- Simple is Beautiful: There are 3 boys and 3 girls in our family. We all had to share 1 bathroom. It sucked. It sucked royally, especially when I was a 6th grader and big poofy hair was the hottest new trend. I needed lots of time (and Aqua Net hairspray) in the bathroom – time which seemed to not exist when you had to share it with so many people! Whenever I would complain or we would be running late because we had to get our poofs just right, he would say, “Simple is beautiful!” Of course, when I was a young tween, I thought I knew everything and was smarter than my parents, so my response would be an eye roll. But as I got older, that phrase would pop into my head more often than I cared for. I realized that I could apply this lesson to other aspects of my life, other than just styling my hair in the morning. I was so overwhelmed with overthinking everything, and in my late 20’s I would hear that darned phrase all the time. Simple is beautiful. This time, I decided to listen. I started to do things like lay out my clothes the morning before so that I wasn’t scrambling to figure out what to wear the morning of. I began the practice of prepping my meals on Sunday and pre-cook most of it so that meal planning would be easier for the rest of the week. I saw the value of scheduling in my appointments with my team members and clients so that it worked around MY schedule, not the other way around. I used to overthink so many decisions, from what to eat at a restaurant, what color shirt to buy because I wanted all 6 of the same design, where to go on vacation, what job I should apply for … and all it did was stress me out. So many of us are so stuck inside our own heads that it feels like there’s no way out. I already had enough stress in my life, why add more to it? Simple is beautiful to me means, just make things easier for yourself! Stop overthinking, over complicating and simplify your life so that you can start truly focusing on what matters, specifically making choices that would make YOU happy. The rest doesn’t matter, so just let it go (cue to the start of the song “Let It Go” (Frozen)).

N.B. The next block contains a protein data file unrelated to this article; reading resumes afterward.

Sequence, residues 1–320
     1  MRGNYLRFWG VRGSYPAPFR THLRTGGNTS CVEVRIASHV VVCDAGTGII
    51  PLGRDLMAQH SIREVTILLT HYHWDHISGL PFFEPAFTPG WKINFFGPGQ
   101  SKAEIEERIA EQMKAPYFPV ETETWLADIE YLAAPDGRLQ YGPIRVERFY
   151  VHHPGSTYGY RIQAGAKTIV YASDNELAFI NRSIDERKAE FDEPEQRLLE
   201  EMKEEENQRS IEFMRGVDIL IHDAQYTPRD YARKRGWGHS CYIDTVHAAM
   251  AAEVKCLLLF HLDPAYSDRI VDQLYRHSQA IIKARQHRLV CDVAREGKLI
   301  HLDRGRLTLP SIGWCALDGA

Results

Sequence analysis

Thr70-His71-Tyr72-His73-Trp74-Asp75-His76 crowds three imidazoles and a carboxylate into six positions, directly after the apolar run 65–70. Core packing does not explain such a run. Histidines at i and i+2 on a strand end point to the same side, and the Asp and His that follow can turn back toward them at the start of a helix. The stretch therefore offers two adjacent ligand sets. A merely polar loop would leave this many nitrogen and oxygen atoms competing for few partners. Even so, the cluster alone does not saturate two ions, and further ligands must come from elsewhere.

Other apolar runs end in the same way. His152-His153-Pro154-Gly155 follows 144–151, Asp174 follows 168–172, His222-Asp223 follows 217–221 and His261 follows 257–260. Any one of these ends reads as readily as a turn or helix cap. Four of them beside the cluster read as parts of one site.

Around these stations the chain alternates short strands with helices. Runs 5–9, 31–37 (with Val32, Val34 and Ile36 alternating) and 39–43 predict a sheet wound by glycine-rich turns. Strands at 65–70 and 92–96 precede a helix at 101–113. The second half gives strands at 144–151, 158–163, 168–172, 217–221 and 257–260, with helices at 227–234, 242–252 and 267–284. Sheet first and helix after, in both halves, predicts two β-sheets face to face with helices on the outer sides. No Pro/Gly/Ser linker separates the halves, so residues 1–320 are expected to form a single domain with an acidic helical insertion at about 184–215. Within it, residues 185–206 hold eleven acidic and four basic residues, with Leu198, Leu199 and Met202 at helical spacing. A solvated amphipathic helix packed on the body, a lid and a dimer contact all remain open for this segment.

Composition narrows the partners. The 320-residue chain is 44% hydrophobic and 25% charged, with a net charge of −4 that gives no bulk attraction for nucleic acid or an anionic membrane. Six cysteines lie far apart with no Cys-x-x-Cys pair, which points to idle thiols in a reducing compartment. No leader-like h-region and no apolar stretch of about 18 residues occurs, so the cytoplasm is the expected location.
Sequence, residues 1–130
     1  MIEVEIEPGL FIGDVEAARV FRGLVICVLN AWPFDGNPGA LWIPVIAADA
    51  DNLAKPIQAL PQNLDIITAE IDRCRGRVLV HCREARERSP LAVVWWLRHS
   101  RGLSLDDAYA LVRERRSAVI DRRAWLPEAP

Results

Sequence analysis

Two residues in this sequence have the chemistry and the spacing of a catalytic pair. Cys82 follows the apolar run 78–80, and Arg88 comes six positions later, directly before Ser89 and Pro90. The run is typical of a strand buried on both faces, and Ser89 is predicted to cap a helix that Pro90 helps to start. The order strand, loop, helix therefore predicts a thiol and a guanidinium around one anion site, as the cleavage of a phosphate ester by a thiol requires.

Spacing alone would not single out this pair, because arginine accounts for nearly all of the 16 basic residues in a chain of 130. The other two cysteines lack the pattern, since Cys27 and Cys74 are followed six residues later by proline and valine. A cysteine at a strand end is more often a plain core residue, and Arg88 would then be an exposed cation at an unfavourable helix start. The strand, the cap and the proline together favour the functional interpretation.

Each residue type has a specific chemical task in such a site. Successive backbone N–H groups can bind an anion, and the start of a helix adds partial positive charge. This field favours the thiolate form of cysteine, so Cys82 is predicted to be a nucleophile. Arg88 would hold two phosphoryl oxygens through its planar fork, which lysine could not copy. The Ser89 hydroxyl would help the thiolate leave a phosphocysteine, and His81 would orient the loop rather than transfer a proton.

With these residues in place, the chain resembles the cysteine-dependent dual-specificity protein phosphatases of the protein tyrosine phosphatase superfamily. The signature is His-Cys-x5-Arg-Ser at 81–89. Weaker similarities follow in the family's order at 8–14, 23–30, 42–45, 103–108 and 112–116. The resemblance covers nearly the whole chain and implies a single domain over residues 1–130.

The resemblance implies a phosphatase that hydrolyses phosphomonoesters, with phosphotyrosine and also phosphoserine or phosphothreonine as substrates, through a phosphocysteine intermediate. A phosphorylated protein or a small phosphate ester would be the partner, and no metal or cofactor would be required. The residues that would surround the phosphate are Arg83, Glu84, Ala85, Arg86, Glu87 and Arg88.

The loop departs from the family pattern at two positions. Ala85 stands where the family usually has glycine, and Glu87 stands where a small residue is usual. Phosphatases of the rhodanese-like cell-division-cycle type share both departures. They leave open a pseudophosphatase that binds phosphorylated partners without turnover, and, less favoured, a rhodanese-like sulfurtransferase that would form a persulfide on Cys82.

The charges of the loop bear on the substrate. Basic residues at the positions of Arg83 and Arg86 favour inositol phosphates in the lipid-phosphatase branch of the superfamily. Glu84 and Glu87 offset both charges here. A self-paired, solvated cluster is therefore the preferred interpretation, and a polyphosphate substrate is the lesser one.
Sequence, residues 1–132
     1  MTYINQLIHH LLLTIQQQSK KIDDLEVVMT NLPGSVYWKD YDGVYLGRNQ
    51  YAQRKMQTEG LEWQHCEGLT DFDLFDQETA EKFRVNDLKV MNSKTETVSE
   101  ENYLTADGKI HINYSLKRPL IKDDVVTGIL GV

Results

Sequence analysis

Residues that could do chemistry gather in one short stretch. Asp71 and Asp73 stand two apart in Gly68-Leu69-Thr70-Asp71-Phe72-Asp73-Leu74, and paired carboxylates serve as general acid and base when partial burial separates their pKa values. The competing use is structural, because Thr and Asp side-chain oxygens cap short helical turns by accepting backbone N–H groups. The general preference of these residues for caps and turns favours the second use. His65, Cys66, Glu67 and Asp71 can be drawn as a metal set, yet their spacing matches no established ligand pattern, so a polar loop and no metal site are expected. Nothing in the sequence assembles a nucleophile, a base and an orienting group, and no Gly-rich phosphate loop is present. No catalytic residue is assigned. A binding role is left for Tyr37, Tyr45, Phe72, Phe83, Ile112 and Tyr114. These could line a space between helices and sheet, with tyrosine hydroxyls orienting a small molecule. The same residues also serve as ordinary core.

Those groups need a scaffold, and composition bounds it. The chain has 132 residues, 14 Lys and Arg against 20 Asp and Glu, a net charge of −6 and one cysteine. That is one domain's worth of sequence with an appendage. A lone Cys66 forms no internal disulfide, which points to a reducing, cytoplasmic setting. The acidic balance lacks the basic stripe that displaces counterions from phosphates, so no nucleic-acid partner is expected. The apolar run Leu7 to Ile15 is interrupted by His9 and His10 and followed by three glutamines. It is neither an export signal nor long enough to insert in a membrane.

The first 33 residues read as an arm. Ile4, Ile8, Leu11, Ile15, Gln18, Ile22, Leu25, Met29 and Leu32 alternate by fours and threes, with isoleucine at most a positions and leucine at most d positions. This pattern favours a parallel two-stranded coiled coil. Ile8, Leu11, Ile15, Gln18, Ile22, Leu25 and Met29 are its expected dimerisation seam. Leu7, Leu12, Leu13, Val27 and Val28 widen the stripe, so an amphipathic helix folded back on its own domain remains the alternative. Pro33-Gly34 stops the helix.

- Give and You Will Get Back 10 Fold in Return: As you know, my dad loves music, but he also is passionate about helping others. His whole life has been to make a difference in people’s lives whether it is financially or through helping them get resettled in the United States. He was a refugee, and had it not been through the help of a wonderful, generous loving sponsor family (The Jankowski’s who were refugees themselves), what I know as my life today would be very different. I probably would have been born in a small town in Vietnam instead of Minnesota. I wouldn’t know how to speak English or may not have been able to attend school because my dad would have been jailed or killed for fighting against the communists alongside the US army. That would have left my mom alone as a single mom to raise 6 kids by herself. What a depressing life I would have led. But because of my father’s bravery, he changed the trajectory of our future. The Vietnamese people in Minnesota are well aware of who my dad is. Most likely he has helped them or one of their relatives sponsor a family member over to the United States, or he has helped them find housing or jobs in their first few months in the US. He was and still is on his phone day and night with phone calls from people asking for advice, for his services or just to thank him. But he loves what he does, that even after retirement, he helps people in this area, free of charge. My dad doesn’t care about money, nor has he ever made more than enough to pay for our private school tuition. Now in his retirement years, he is enjoying a nice life, debt free and the freedom, health and independence to go where he wants, when he wants and spend his money on anyone and anything. Also, with 6 kids, he’d never go without. We will always have his back, just like he has always had ours.